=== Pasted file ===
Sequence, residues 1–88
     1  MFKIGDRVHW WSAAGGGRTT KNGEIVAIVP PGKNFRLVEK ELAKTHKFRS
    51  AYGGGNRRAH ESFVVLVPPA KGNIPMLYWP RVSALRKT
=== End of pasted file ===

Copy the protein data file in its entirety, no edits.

Sequence, residues 1–88
     1  MFKIGDRVHW WSAAGGGRTT KNGEIVAIVP PGKNFRLVEK ELAKTHKFRS
    51  AYGGGNRRAH ESFVVLVPPA KGNIPMLYWP RVSALRKT